I'm currently using the classic shared web hosting and am using some custom PHP to serve some downloads on my (Wordpress) site. This is fine for the most part but I get the occasional user, who I presume is on a slow connection because they're often from Asia and Africa, who is unable to download the file (~100MB). I've tried increasing the PHP maximum execution time to no avail. I am finding it difficult to debug as I am not able to reproduce the problem but I may try and throttle my connection at some point to confirm my hypothesis.
The next thing I was going to try was to use mod_xsendfile as suggested here: https://www.gravitywell.co.uk/latest/how-to/posts/securing-your-downloads-with-php-and-mod-xsendfile... for example.
It looks like it's not installed on this server, and I am pretty certain it's not something I'll be able to install myself.
Any thoughts on how to proceed? Either a solution to this problem, or the one of failing downloads more generally would be gratefully appreciated!
Presumably you are suggesting that the client should use curl? Really, I am trying to make the process as seamless as possible - that is to say it should be no harder than clicking a link to download the software (and most of the time it isn't).
In addition to this, as it stands, it is necessary to be logged in to the site to check that the user has agreed to the licence for the software they wish to download and whilst it is technically possible for them to export the cookie out of their browser it unnecessarily complicates the process.
"Give them an inch..............."
Yes of course I mean for them to use CURL. One can not control the internet speeds or connection reliability for clients downloading. You can only control the platform from which your client downloads your software. I for one would not be using a Wordpress platform to begin with. That's not bias. That's because Wordpress sites are very slow to begin with.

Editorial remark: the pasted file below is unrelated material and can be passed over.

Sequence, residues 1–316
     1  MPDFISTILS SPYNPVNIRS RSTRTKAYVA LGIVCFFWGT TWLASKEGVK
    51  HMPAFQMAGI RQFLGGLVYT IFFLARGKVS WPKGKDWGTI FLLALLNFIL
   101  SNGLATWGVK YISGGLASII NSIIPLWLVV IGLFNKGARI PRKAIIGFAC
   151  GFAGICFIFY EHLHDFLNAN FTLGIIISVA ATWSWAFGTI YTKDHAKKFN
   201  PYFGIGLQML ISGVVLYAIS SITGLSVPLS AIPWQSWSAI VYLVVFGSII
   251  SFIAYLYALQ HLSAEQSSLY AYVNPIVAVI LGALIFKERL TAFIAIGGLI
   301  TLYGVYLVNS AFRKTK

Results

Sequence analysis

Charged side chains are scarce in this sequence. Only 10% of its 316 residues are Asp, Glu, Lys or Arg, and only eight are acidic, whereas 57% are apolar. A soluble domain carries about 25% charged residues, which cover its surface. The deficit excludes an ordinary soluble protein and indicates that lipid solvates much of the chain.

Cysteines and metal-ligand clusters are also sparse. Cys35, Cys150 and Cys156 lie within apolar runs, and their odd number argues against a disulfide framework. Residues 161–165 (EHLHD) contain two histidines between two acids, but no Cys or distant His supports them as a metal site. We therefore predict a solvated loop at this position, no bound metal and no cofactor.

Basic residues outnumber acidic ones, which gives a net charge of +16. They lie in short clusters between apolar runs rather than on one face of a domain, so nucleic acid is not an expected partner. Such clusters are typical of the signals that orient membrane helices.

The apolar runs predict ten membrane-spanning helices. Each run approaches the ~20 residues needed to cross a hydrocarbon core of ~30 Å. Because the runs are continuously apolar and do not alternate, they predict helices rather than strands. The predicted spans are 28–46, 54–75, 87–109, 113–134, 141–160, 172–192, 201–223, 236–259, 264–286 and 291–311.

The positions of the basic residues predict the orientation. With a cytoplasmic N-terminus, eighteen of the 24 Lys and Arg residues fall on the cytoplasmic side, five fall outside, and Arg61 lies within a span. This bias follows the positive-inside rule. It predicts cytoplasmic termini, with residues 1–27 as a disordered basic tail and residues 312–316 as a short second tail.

But if there were download difficulties in areas of the world where the internet service is not great shall we say, then an alternative solution (if not a better platform) would be to post the software! Radical I know, but a cd rom would be an ideal solution and guarantee delivery.
Either that or give instructions to your clients to use CURL, again, radical again I know.
Agreements can be signed by simple form beforehand, along with address for posting.
A long time ago we used to post the software!
Once they have identified the problem of prematurely terminating downloads, they have typically got in touch with me and I have arranged a time-limited, password-protected (.htaccess/.htpasswd) download which has always worked and is quicker and more certain than the post.
This why I suspect that using the mod_xsendfile approach would also work and reduce load on godaddy's servers.
I have investigated using curl for those who were keen to script their downloads (?!) but it is again a multiple-step process that requires manual intervention. It shouldn't be that hard!
Yes I agree, it shouldn't be, and sometimes a problem and it's complexities can just make you tear your hair out. Then I do this........
I go make myself a cup of tea...... for small problems.
I go for a walk........ for big problems.
I come back, I sit down and try and re think the problem. In other words (as a developer and programer) I work out the algorithm of the problem. I do this in all areas of my life, and although this means I'm 100% geek and thought of as funny by most of the population, the world needs us geeks!
So work out the easiest way to get your software out there.
I will be presumptuous here, I guess that in Countries with bad internet services, that the computers these folk are using are also low tech. I would first of all point all my clients to the very good open software such as linux and Gnu project offer. Hand on my heart, their software although not as glossy as Windows, far, far surpasses anything Windows can produce. A little known fact is that even Mac were nowhere near as great as they are today, before they based their entire system on a UNIX variant called BSD!
The other thing is that although some tech is designed to make life easier, you first as a responsible software provider, have to put the ease of client use at the forefront. It's no good at all having high tech at our end, if at the client end they are still running Windows XP. Just offer a posted cd rom as an alternative for those with poor internet. You will then feel the love and not the blame when they can't download your software.